Social phobia

Social phobia is a fear of social situations that involve interactions with other people. If you have social phobia you tend to worry about being judged badly by other people - being criticised, "put down" or embarrassed. It is equally common in men and women and is found across different cultures.

Approximately 3 percent of the population suffer from social phobia.
A much larger percentage of the population describe themselves as shy.
Most of these people would not be identified as having social phobia, however, unless the fear and avoidance significantly interfered with their life.

What is Avoidant Personality Disorder?

If you have had generalised social phobia for most of your life you may think that others see you as too quiet or boring. You may avoid meeting other people and not want to risk telling others much about yourself in case they reject you. If you have these sorts of fears, you may have a more severe social phobia, called avoidant personality disorder.

About one-third of people seen at specialist anxiety clinics for treatment of social phobia have avoidant personality disorder. If you have this more severe social phobia, it is very likely that you will have experienced episodes of depression
Coping with severe social anxiety for most of your life may have badly affected your self esteem. You may also have become quite socially isolated. If you have spent many years avoiding social situations or speaking to certain people because of fears about what others think, you need to be aware that it will probably take longer to improve with treatment

What causes social phobia?

Regarding possible causes of social phobia, research suggests that both genetic and environmental factors are relevant. In order to treat your social phobia, rather than focusing on why you have the problem, it is more useful to look at what is maintaining the problem. Some typical social situations feared by people with social phobia include:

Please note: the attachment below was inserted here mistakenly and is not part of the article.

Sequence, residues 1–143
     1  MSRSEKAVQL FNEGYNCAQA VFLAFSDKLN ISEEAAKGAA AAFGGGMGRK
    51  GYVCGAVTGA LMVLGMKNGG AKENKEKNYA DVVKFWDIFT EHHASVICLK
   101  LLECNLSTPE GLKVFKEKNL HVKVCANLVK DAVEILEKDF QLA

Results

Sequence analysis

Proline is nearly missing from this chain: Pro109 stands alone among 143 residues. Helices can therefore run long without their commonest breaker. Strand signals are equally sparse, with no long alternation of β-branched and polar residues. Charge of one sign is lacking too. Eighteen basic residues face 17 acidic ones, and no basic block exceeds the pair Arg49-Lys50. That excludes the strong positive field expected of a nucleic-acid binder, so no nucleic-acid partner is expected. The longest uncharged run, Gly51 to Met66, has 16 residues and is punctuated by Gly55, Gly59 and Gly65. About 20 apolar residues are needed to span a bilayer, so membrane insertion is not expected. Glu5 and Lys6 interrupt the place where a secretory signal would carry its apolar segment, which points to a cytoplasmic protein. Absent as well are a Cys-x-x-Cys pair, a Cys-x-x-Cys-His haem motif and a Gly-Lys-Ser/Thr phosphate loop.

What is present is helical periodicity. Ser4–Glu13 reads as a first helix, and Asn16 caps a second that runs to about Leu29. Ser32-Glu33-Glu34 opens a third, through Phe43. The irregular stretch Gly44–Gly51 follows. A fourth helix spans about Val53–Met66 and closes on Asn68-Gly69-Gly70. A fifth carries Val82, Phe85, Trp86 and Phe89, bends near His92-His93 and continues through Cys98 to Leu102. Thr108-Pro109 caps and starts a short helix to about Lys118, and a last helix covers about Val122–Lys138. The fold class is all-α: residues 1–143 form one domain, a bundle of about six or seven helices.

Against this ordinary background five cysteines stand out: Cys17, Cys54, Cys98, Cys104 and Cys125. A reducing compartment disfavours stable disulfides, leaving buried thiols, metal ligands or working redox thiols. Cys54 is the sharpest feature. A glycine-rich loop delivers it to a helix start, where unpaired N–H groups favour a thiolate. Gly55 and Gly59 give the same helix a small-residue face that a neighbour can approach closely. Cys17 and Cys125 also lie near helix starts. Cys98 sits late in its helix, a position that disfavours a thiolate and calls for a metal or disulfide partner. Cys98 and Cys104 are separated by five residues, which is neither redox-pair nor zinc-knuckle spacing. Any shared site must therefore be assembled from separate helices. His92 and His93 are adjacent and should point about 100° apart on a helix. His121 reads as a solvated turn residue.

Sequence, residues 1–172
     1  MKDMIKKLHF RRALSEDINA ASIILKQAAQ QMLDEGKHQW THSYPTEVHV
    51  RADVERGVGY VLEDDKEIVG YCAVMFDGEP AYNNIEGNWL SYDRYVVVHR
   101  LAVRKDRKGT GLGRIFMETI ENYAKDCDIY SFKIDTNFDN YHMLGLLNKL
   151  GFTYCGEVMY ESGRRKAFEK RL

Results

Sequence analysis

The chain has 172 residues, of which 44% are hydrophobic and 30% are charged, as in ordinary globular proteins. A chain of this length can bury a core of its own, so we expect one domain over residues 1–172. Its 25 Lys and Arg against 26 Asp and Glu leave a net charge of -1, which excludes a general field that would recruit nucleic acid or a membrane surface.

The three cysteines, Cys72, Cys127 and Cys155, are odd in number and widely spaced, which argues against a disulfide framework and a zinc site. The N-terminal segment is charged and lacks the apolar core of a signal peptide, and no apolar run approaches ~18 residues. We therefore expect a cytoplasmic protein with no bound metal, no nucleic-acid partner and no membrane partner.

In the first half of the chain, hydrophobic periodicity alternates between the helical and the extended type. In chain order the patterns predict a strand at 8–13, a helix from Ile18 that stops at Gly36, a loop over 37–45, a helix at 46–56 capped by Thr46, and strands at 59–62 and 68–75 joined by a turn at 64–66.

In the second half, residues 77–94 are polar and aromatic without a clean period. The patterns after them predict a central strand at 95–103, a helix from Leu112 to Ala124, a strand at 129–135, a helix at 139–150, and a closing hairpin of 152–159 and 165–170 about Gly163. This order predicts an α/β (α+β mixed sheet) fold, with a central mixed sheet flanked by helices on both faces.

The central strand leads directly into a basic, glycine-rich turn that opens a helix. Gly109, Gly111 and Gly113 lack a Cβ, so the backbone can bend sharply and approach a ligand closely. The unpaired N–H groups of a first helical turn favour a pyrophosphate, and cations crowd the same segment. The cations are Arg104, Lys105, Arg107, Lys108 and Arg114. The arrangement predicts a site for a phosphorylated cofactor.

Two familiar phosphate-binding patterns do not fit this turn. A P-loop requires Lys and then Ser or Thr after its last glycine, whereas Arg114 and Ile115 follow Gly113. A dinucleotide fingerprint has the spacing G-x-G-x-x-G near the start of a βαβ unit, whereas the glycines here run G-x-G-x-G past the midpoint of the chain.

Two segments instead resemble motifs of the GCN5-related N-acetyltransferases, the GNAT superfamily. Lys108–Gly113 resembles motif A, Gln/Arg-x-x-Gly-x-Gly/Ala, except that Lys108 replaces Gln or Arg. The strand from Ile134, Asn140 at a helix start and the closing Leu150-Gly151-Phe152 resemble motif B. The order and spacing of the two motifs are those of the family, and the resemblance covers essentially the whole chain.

These fears tend to be triggered when just anticipating the social situation. You may also have noticed that, after the event, you often feel bad or worse when thinking about how you "performed". How you actually felt in the situation can play a big role in this "post-mortem". As a result of your fears, you may do a number of things to try to prevent something bad from happening. These may include:

A large number of people with social phobia also suffer depression, a disorder characterised by persistent low mood, loss of pleasure, hopelessness about the future, feelings of worthlessness and a number of physical symptoms, including sleep and appetite disturbance. Sometimes people also experience thoughts of suicide. If you have been having suicidal thoughts or if you have been experiencing a number of these other symptoms you may be clinically depressed and you must see a doctor.

Extracted from:  Clinical Research Unit for Anxiety & Depression .. www.crufad.org
* All information is intended as a guide only and should be used in association with your health professional
Anxiety & Depression resources: www.nevdgp.org.au/depression.htm